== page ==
July 18, 2024 The Best Source of News, Culture, Lifestyle for Culver City, Mar Vista, Del Rey, Palms and West Los Angeles

First Reapportionment, Then Redistricting, What’s It All Mean?

Larry Watts
The U.S. Constitution requires a national census every ten years. This provides an enormous amount of demographic information for policy makers, sociologists, economists, etc. But its primary purpose is to apportion the number of representatives to Congress each state will have for the next ten years.
California didn’t lose seats and at 53, it will still have more members of Congress than any other state. But for the first time since California became a state in 1850, the census did not result in a larger Congressional delegation for our state. But reapportionment is only the first step in the reorganization of our government that takes place following the census. Next comes redistricting, which determines the exact boundaries, not only of our 53 congressional districts, but each of our state Senate and Assembly districts as well.
How those districts are drawn is extremely important. It will affect not only political parties and politicians, but how our personal and community interests will be represented in the Congress and State legislature.
In California, the process of redrawing the political map was historically a duty of state elected officials. However, in 2008 the voters approved Prop. 11, which transferred responsibility for re-districting to a new Citizens Redistricting Commission. In November 2010, voters passed Proposition 20, which adds the task of adjusting the boundary lines for the Congressional districts as well.
Membership on the Commission was open to all registered voters and applicants underwent a two-step screening process. A State Auditor’s panel first evaluated all applicants based upon their relevant analytical skills and ability to be impartial, and with an appreciation for California’s diverse demographics and geography. The panel selected 60 applicants and then four state legislative leaders were allowed to strike 24 applicants, reducing the applicant pool to 36. The State Auditor then randomly selected eight commissioners from this group of 36. These eight commissioners then selected the remaining six commissioners in a series of public meetings that ended December 15, 2010.
The 14-member Citizens Redistricting Commission will now redraw the lines for California’s State Senate, Assembly, Board of Equalization, and Congressional districts. This is not how redistricting has worked historically in our country.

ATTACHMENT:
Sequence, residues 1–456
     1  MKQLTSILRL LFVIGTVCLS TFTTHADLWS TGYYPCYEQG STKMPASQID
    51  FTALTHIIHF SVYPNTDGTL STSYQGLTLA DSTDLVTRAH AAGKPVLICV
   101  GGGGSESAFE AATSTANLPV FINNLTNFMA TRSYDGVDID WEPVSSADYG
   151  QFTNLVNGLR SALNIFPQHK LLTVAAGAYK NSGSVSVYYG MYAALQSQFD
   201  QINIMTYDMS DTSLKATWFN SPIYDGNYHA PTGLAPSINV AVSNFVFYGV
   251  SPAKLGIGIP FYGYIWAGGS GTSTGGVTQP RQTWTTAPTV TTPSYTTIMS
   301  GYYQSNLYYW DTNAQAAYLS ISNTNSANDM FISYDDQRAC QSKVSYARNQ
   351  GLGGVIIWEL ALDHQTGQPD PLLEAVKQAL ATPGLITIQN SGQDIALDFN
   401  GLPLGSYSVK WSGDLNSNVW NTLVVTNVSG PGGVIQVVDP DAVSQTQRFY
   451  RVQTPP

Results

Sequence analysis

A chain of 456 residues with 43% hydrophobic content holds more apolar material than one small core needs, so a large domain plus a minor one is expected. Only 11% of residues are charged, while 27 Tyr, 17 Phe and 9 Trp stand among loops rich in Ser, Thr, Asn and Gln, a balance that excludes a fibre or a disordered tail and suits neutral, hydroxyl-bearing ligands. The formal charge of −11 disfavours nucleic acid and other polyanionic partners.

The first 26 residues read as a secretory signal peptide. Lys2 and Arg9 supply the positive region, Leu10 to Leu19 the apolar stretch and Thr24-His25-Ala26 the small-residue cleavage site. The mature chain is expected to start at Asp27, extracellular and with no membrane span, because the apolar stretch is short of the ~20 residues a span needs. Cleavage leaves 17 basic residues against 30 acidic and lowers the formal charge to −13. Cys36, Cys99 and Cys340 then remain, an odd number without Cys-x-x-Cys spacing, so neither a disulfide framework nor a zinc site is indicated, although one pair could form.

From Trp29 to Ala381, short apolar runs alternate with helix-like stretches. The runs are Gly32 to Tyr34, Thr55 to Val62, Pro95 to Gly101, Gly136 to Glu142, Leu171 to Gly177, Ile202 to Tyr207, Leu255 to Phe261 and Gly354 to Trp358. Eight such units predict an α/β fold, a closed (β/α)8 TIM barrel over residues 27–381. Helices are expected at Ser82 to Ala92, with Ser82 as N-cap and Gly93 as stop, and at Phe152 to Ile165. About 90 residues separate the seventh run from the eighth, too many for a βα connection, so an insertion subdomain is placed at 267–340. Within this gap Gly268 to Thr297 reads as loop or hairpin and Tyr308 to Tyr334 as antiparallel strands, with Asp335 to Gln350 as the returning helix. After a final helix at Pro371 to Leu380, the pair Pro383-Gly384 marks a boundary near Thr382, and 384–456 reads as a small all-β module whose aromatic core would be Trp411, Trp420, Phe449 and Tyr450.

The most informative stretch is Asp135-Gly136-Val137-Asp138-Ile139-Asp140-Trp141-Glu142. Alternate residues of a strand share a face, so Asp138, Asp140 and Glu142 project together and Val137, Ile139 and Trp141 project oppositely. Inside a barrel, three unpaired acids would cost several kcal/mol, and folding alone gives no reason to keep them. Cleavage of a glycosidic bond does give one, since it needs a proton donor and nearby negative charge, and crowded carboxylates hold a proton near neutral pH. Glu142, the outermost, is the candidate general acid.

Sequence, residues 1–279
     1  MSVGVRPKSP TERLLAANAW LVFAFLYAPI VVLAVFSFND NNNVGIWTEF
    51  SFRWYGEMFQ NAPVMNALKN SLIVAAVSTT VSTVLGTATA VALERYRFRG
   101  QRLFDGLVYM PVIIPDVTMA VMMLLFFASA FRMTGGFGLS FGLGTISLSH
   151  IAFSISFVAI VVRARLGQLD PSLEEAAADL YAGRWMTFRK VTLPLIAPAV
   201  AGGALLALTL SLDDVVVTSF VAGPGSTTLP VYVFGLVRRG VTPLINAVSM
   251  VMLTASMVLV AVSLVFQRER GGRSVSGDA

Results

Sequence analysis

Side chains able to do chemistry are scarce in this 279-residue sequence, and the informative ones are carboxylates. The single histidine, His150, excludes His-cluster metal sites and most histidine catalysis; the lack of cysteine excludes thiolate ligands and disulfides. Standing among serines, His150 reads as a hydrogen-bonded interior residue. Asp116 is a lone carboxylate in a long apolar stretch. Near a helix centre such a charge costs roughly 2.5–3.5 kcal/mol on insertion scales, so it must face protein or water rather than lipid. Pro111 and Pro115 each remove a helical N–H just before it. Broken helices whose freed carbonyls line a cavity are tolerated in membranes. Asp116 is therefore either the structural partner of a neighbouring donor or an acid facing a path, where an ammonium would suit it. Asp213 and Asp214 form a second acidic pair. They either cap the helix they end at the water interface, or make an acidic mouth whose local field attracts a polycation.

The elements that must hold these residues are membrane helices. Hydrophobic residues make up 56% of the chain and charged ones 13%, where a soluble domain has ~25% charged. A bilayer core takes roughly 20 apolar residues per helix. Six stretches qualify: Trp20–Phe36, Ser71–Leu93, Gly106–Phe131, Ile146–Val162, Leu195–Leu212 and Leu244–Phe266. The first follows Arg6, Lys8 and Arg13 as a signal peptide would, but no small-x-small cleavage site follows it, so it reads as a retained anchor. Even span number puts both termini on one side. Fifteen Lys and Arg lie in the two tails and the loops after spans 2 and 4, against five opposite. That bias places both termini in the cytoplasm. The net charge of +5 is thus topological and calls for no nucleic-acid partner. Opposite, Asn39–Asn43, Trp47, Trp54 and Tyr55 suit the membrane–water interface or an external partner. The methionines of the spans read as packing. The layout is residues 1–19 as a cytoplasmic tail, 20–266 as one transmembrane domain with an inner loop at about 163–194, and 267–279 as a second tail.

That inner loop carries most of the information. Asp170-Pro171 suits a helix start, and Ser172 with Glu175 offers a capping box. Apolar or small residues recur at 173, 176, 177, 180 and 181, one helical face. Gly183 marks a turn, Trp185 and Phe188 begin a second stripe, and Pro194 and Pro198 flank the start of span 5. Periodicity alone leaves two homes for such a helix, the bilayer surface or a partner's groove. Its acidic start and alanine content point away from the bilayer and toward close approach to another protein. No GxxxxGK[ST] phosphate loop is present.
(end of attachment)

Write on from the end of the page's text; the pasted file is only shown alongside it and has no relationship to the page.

For the most part state legislators have controlled redistricting and from the early 1800’s they have engaged in gerrymandering, a word created after Governor Elbridge Gerry signed a law that redistricted Massachusetts to make it easier for his party to control the state legislature. A map of one district in the Boston area resembled a salamander, hence the name “gerrymander†entered our political lexicon.
But gerrymandering has not been used solely to promote the interests of political parties. Gerrymandering has often been used as a way to disenfranchise minorities. Since minorities have often clustered in particular communities, dividing those communities into smaller areas and making them part of a larger white community was an effective way to dilute the votes of the disfavored minority. But gerrymandering has been used to achieve other goals than to preserve one party’s power or dilute that of a minority. When California’s district lines were re-drawn in 2001 many districts were gerrymandered, not to favor political parties per se, but incumbents, whatever their party.
The Citizens Redistricting Commission must draw districts in conformity with strict, nonpartisan rules designed to create districts of relatively equal population that will provide fair representation for all Californians. Congressional districts are to be drawn to achieve population equality as nearly as is practicable. That will not be an easy task. To approve the new maps, the maps must receive nine “yes†votes from the Commission –
three “yes†votes from members registered with the GOP and Democratic parties, and three from the other independent members. The Commission must complete its job by August 2011. To the extent the commission fails to timely complete this process, the responsibility for completing the job will fall upon the California Supreme Court.